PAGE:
Dual Mandate Says No Major Changes Coming
In 1977, Congress amended The Federal Reserve Act, stating the monetary policy objectives of the Federal Reserve are "to promote effectively the goals of maximum employment, stable prices and moderate long-term interest rates".
Maximum Employment - Not There Yet
How close is the Fed to meeting the objective of maximum employment? Not all that close. Ben Bernanke reiterated last week that, "There will not be an automatic increase in interest rates when unemployment hits 6.5 percent." Where is the unemployment rate now? On July 5, it was reported as 7.6%, or well above the minimum threshold of improvement noted by the Fed.
Technicals Improve On Bernanke Remarks
Stocks (SPY) were on the ropes technically after the close on Monday, June 24. Since then, things have improved significantly. The most powerful bullish catalyst came from Ben Bernanke last week:
Highly accommodative monetary policy for the foreseeable future is what's needed for the U.S. economy.
This week's video describes the bullish migration that has taken place over the last three weeks (see 7:53 mark for specific technical changes):
After you click play, use the button in the lower-right corner of the video player to view in full-screen mode. Hit Esc to exit full-screen mode.
Inflation Remains In Check
The 1977 amendment to The Federal Reserve Act instructs the Fed to balance "stable prices" with "maximum employment". Stable prices speak to the inflation rate. Is inflation an imminent threat to the Fed's easy money policies? No.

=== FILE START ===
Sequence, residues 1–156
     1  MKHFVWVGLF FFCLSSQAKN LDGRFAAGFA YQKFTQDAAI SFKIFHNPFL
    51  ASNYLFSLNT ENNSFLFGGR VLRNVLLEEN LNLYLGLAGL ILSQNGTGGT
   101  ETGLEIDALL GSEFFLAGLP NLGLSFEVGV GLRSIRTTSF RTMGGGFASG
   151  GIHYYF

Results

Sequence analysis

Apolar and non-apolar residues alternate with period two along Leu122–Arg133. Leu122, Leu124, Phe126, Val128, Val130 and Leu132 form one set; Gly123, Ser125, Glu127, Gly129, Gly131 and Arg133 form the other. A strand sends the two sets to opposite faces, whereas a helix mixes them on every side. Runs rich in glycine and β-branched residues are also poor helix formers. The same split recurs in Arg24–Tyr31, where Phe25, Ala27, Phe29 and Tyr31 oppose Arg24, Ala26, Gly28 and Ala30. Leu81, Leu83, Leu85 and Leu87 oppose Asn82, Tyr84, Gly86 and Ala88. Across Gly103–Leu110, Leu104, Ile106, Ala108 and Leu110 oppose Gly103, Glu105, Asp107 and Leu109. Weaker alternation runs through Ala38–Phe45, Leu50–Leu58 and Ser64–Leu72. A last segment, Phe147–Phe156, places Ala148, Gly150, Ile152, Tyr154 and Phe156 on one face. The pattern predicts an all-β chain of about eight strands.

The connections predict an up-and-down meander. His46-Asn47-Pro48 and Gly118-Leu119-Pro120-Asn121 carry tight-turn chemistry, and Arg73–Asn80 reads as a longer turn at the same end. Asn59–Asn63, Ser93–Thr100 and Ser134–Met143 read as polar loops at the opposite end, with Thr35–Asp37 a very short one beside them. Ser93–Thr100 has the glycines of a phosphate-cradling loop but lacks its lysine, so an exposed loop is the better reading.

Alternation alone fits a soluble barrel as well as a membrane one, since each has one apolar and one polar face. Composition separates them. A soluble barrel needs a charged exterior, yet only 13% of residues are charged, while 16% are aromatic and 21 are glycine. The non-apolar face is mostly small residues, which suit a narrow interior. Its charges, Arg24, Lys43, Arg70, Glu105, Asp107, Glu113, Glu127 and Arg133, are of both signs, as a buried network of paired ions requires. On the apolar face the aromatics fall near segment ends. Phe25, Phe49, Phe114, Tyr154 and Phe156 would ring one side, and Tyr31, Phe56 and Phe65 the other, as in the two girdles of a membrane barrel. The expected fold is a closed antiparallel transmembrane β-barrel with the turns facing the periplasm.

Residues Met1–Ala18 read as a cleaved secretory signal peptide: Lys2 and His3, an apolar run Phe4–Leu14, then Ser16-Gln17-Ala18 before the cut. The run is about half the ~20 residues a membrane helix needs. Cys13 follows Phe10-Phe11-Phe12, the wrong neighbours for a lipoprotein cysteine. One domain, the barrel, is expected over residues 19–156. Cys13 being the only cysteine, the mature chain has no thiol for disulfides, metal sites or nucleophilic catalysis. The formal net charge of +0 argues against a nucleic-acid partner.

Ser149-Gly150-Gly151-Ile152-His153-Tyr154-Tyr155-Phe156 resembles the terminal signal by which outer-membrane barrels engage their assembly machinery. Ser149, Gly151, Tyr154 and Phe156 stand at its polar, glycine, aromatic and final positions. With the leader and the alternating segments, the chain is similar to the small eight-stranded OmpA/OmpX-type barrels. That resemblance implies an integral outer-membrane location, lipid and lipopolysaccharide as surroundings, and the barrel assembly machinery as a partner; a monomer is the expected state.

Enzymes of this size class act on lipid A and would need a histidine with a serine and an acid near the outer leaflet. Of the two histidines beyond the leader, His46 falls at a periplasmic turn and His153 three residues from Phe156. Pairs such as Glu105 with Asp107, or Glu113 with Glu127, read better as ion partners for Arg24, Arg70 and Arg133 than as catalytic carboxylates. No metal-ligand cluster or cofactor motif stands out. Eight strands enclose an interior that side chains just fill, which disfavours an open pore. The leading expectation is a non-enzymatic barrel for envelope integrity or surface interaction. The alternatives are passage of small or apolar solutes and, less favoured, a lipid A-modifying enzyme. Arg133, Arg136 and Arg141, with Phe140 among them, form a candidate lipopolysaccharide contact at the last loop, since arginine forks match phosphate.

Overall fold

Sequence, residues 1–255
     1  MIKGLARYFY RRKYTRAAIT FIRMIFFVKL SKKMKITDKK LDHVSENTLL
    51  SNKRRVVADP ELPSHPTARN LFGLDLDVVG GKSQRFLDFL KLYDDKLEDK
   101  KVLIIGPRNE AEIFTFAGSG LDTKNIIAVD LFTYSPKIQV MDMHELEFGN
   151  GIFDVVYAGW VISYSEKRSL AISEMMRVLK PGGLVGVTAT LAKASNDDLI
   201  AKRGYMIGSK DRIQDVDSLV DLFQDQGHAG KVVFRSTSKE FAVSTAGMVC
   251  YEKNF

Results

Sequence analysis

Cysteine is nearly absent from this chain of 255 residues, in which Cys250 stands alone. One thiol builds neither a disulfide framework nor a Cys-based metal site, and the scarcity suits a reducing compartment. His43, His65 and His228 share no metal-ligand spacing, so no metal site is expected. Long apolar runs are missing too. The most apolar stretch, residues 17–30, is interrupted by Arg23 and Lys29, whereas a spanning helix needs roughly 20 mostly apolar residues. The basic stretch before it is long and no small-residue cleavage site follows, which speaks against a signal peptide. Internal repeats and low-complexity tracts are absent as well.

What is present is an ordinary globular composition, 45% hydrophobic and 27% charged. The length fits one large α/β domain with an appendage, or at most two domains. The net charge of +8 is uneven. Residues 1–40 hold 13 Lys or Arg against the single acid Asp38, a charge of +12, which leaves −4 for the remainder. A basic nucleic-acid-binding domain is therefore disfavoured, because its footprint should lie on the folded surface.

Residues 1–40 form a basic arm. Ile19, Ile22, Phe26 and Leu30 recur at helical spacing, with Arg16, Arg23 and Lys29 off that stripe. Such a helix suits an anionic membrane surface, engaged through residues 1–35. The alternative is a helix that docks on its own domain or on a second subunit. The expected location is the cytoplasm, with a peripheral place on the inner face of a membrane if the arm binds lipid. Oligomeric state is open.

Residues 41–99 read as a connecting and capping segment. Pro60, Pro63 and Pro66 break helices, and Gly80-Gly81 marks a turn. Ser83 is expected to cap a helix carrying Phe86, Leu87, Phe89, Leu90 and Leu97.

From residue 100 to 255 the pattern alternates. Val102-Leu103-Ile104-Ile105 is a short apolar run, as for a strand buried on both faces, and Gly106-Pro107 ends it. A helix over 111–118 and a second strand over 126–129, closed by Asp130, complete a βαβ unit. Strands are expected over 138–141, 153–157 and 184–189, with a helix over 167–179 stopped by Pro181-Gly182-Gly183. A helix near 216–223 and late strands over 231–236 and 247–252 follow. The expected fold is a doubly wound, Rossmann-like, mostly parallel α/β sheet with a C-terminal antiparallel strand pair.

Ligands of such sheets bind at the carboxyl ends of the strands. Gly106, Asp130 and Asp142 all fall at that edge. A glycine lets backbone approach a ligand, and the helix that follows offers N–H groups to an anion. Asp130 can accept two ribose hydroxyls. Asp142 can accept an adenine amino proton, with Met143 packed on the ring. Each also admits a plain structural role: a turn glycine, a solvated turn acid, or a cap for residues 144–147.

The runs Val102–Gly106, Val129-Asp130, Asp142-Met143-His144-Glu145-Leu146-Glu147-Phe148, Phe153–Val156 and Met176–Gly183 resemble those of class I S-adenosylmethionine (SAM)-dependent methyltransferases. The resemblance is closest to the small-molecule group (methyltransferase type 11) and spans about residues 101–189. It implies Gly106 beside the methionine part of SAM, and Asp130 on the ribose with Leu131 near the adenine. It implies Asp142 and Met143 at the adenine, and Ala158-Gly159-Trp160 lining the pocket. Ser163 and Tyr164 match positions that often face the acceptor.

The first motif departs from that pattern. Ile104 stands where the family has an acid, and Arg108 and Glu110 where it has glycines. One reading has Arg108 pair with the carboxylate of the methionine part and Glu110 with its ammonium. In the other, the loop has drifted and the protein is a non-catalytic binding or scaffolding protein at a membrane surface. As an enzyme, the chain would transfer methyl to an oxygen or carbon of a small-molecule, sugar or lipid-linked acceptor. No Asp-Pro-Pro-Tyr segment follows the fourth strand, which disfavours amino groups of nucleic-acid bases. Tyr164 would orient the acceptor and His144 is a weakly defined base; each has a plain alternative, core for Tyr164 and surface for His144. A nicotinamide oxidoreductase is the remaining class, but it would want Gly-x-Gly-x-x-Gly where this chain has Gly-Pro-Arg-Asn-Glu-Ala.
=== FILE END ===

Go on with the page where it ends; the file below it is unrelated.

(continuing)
Deflation Not Off Fed's Radar
Deflationary spirals are very difficult to contain and reverse - just ask the Japanese. Therefore, the Fed does not want a zero inflation environment. The Fed would prefer to see inflation in the neighborhood of 2%. As shown in the chart from the Federal Reserve Bank of Chicago below, inflation is expected to remain below 2% for some time, which means the Fed can continue to pursue their employment mandate with an easy money stance.
Does The Market Fear Inflation?
The chart below shows the performance of gold (GLD) relative to Treasury bonds (TLT). Since gold is often used as a hedge against inflating paper currencies, it is logical to assume GLD would be in greater demand relative to conservative Treasury bonds if fears of future inflation were significant.
Tapering Is About Bubble Management
Our guess is the tapering dialogue at the Fed is more about escalating fears of another round of asset bubbles rather than confidence in the economy or fears about escalating inflation. Therefore, the Fed may still announce some tapering at their September meeting. However, any tapering statement will most likely be accompanied by a pledge to support the economy with low rates for an extended period.
Our market model has moved from a heavy bearish bias on June 24 back to a bullish stance. One component of the model tracks the technical health of the ETFs and markets listed in the table below. A reading of 83.93 (scale 0 to 100) tells us to continue to err on the bullish end of the spectrum.